Morandi’s Subtle Spectacle

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The New York Sun

The Italian artist Giorgio Morandi (1890-1964), the subject of a long-awaited and absolutely out-of-this-world retrospective at the Metropolitan Museum of Art, is a painter who, especially in his small flower paintings and still lifes — façade-like clusters of crockery, tins, bowls, bottles, boxes, and vases — synthesized an array of disparate approaches, creating pictures mysterious, unique, and wholly modern.

Morandi was influenced by the rich, close range of browns, creams, and grays, as well as the weird spatial shifts, of early Cubist still lifes: the soulful dislocation of the Metaphysical cityscapes of de Chirico, the humble-yet-miraculous means of Chardin, the geometric precision of Piero, and the parched, sun-drenched ruins of classical antiquity. Morandi looked back, through the landscapes of Cézanne and Corot, to the frescos of Giotto, Masaccio, and Pompeii. He combined all of these influences, stirring them, bringing them to a simmer, creating monumental works built up out of subtlety upon subtlety.

Morandi paints a small bouquet of roses in a vase or a few objects on a table. His pictures have the handheld scale of devotional works. He infuses his objects with an elegiac-yet-unassuming, almost-seismic weight. Plainspoken yet never simplistic, Morandi approaches form, air, and space with an intimacy not seen since Chardin. In thin, washy surfaces, he creates a veiled, buttery light, through which we can sense the entire history of art.

In the beautiful “Roses” (1917), a pink, white, and gray-blue composition, the vase — heraldic, hieratic, suggesting medieval insignia and Romanesque carving — feels split open, as if the painter had vivisected his subject. And the roses, as if sculpted, suggest viscera, a nest of broken eggshells, and baby birds. Yet we can also sense in this work his love of Masaccio and of Picasso’s Rose period.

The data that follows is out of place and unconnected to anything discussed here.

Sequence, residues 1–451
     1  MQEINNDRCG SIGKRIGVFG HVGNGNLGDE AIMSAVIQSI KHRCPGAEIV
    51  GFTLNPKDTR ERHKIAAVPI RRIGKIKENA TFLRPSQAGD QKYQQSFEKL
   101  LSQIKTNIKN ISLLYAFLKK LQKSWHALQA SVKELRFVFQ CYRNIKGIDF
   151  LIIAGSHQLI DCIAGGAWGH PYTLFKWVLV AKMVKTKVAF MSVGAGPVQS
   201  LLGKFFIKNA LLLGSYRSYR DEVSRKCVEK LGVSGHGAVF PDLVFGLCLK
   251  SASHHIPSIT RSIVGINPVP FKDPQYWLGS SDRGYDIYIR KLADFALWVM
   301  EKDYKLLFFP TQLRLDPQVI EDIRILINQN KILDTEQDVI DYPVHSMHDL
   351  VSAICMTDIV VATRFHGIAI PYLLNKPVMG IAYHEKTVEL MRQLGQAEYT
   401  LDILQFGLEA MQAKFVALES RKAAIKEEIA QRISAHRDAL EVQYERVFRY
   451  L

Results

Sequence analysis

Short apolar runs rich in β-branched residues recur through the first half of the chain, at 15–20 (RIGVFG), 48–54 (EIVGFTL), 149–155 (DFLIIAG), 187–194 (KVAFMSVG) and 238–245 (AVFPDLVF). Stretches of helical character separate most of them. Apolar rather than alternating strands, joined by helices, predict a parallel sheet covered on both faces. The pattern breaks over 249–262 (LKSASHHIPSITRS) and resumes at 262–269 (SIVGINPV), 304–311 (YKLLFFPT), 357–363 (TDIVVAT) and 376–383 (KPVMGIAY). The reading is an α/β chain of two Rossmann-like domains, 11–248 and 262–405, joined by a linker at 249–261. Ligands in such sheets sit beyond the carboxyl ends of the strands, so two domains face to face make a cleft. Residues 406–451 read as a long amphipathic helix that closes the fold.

The Met’s elegant exhibition is the largest to date, and the first ever to be mounted in this country. The show, made up of some 110 paintings, drawings, watercolors, and etchings, is organized by the director of the Fondazione Roberto Longhi in Florence, Italy, Maria Cristina Bandera, and the director of New York’s Italian Cultural Institute, Renato Miracco. It is supervised at the Met by Laurence Kanter, with assistance from Neville Rowley and Lesley Schorpp. And it is a knockout. Arranged chronologically and thematically in the lower level of the Met’s Robert Lehman Wing, the show provides a circular survey in which Morandi’s final works blend into his earliest works — and you are encouraged to start all over again.

At the Met, we are introduced to Morandi’s early paintings — compositions in the manner of his influences. But I can sense in the first galleries that Morandi, rather than mimicking his loves, is taking them to heart — synthesizing them — as he is finding his hand as a painter. The show offers us a range of gorgeous and unusual landscapes (some of them masterpieces), a handful of self-portraits, spare watercolors that feel Chinese, and groupings of amazing etchings in which still-life objects, built out of crisscrossing lines, vibrate like plucked strings. But the real meat of the show is the artist’s flower paintings and still lifes.

Cézanne, one of Morandi’s chief influences, once remarked that he could paint the same motif for his entire life — that all he needed to do was to move an inch to the left or the right, and be offered an entirely new composition. Morandi, who approached the same forms and motifs for decades, more than any other artist took Cézanne’s adage to heart. By the 1920s, Morandi had already established his voice, and he investigated his signature groupings of objects fully throughout his career as a painter.